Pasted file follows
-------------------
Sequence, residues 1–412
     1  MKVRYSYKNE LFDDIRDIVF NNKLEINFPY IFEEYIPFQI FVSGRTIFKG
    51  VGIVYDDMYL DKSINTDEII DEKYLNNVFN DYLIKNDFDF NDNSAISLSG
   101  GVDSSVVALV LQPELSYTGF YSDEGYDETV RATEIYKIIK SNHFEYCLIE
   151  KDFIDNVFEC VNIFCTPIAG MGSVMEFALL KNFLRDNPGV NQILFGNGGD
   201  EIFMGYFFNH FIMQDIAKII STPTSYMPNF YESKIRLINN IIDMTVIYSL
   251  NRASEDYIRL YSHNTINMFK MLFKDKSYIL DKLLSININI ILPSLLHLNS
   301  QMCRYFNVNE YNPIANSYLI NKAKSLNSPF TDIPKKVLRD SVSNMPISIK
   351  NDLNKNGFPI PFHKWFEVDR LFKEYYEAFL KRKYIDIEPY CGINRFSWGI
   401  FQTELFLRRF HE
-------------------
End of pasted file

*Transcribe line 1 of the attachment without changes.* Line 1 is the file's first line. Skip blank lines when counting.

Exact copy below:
Sequence, residues 1–412